My last night in Stockholm I stayed in a hotel near the airport and caught their courtesy van to the departure lounge the next morning.  The driver of the van was a Swede who was married to a Finnish woman.  As we talked, I noticed that each of his statements ended with “you know,” as if I did.  His mannerisms reminded me of old Norwegians I knew when I was a child.  He asked about my visit and why I traveled to Sweden.  I told him about the birds and about my Norwegian heritage.  I mentioned how beautiful I found Sweden and how much it reminded me of where I grew up in Wisconsin.

“If you think Sweden is beautiful, you need to see Norway.”

My flight to London lifted off from Stockholm at noon and we flew in perfectly clear skies.  I was seated on the right side of the plane, forward of the wing and its engine.  We flew almost straight west before turning southwest and flying out over the North Sea.  As we made our turn, the pilot announced that we were near Kristiansand, Norway.  I looked down at my homeland and saw deep fjords that had been gouged from the Precambrian bedrock.  The land was covered with forest of spruces and birches as it was to the east in Sweden.  I had finally seen Norway as the van driver suggested several hours earlier. 

But I still hadn’t really been there.

Several years later I swallowed hard when looking at the prices of everything in Norway and traveled there to trace my roots.  I spent several days in and around Bergen on the fjord-filled coast because my family sailed from Bergen to the United States when they emigrated.  As with Sweden, this part of Norway looked exactly like home.  The lay of the land was the same, the color of the barns and the shapes of the houses were the same.  Aspen forests sprinkled with white birch and black spruce dominated the landscape exactly like they did in Barron County, Wisconsin.  Even the pastoral landscapes with Holstein cows chewing their cud in Norwegian farm yards looked exactly like they do in my natal Wisconsin.  It was instantly clear why my ancestors chose to settle where they did when they found northern Wisconsin.  Except for the language difference everything there was like it was back home.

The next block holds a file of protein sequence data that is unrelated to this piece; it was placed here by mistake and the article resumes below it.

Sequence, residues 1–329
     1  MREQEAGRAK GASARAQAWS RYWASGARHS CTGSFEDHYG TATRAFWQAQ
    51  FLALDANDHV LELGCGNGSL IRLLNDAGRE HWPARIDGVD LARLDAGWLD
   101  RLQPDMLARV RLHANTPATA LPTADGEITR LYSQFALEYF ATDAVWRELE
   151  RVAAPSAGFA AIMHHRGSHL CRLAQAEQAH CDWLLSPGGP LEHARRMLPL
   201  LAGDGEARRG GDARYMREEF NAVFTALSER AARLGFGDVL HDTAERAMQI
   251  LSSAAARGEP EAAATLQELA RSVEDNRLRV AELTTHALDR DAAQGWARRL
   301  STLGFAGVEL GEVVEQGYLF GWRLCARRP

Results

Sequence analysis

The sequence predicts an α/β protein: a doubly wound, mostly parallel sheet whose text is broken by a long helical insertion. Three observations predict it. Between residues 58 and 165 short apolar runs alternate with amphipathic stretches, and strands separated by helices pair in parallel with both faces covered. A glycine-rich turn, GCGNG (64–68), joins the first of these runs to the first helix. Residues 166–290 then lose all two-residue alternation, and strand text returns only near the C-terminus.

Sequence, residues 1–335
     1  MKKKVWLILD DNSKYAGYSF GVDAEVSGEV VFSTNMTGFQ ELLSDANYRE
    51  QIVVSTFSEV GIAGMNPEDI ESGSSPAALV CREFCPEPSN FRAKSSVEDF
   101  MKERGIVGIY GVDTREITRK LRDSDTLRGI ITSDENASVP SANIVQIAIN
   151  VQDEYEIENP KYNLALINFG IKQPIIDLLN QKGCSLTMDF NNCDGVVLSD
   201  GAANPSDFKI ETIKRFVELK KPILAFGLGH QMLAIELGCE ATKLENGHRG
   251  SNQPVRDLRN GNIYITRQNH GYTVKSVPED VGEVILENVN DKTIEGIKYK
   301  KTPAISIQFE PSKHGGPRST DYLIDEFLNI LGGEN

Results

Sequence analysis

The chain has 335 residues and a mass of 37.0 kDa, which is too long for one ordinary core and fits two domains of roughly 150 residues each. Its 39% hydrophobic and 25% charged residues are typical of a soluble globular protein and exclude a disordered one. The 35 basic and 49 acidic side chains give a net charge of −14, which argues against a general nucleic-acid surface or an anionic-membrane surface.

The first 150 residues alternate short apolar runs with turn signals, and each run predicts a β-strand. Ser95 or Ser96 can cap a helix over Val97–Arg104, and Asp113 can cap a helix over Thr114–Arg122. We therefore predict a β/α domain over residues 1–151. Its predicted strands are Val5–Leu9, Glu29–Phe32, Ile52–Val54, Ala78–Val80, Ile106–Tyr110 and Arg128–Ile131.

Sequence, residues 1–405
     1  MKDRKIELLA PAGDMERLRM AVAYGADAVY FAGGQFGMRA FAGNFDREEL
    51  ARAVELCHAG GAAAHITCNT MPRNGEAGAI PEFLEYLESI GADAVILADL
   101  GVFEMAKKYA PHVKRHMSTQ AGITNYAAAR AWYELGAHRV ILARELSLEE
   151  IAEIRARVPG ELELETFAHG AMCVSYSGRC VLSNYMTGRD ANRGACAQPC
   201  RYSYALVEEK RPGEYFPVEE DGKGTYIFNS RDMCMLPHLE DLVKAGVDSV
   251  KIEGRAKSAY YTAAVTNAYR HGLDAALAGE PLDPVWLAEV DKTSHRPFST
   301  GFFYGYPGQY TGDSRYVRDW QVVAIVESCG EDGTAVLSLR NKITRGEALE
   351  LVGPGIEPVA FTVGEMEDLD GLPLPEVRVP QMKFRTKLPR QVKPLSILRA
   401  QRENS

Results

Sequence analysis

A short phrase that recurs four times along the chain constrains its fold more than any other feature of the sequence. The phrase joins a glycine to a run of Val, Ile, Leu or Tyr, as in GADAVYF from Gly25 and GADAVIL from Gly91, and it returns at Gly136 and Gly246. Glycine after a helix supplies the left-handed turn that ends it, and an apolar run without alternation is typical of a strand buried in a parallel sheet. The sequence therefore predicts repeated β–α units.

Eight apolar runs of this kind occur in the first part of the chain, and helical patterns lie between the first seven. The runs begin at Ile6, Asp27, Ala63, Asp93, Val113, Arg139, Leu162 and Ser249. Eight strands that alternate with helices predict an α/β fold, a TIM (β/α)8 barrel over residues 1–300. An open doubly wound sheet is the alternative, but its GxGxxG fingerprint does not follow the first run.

Although my family name is obviously Norwegian my mother’s name was a bit of a mystery.  My maternal grandmother was a Gohr (not Gore like the real President, but Gohr). There is no doubting the origin of that very Germanic name.  However it was a different story with my paternal grandfather’s family name and ultimately my mother’s family name.

Some thought that “Beranek” was German and others said “oh, no, that’s a Czech name. It’s from Bohemia.”  As a child in northern Wisconsin I was quite aware of the hell that someone could be put through because of their ethnicity.  Being Norwegian was just as cool as being a Swede or German.  However some of the “lesser” nationalities seemed to cause problems.  Heaven help the Pole’s for being Polish.  The same, it turned out, was true for “Bohemians” or “Bohonks” as they were also called. For some reason I never understood, a “Bohonk” was actually a lower life form than was a Polack, and a Polack was right down there with Bohonks. Still, the possibility remained that some of my genes, in this case 25 percent of them, were Bohonk and a week in the Czech Republic was the most logical way to find out.

We slipped and slid our way out of the Prague airport and onto the motorway to the city. Seated next to me was a drunk (or at least feeling no pain) obnoxious British woman who tried her best to impress all of us with her command of the Czech language and her knowledge of the streets of Prague.  Despite her having told the driver where she wanted to go, she promptly began telling the driver how to find the address. She tried telling him in what sounded like Czech.  After five minutes of being kind and putting up with her the driver began saying “what did you say? That sounded like Czech but not any Czech I’ve ever heard.”  Instead of her taking the hint she just piled it on thicker and louder until I wanted to reach over and strangle her. At one point I stuck my index finger out, raised my thumb to resemble a pistol and then made a motion like the gun was going off – while pointed at her.  Unfortunately my finger wasn’t loaded.

By the time we were in the university district of the city the driver had had enough and told her “madam, you either shut up or you are getting out and walking. I don’t care how much luggage you have.”  Ms. Britain didn’t listen and the shuttle promptly slid to the side of the road.  The driver put the vehicle in park, opened his door, walked to the back of the van, extracted her luggage, opened her side door and said “OUT!”  She had no choice.

Wenceslas Square is one of the main city squares and the center of the business and cultural communities. It has been a place where many historical events occurred; it is also a traditional place for demonstrations, celebrations, and similar public gatherings. The square is named after Saint Wenceslas the patron saint of Bohemia.  As I worked my way around the square I was able to confirm with no reservations at all that my mom’s family name is Czech and not German.  I confirmed it when I found the Hotel Beranek on one of its street corners.  When I found my other family name attached to this hotel I dropped in to see if there were any long lost cousins floating around. Unfortunately the woman behind the counter said that the manager was not a Beranek but she was able to confirm that Beranek was “a very Czech name, you know.”  That mystery was finally settled.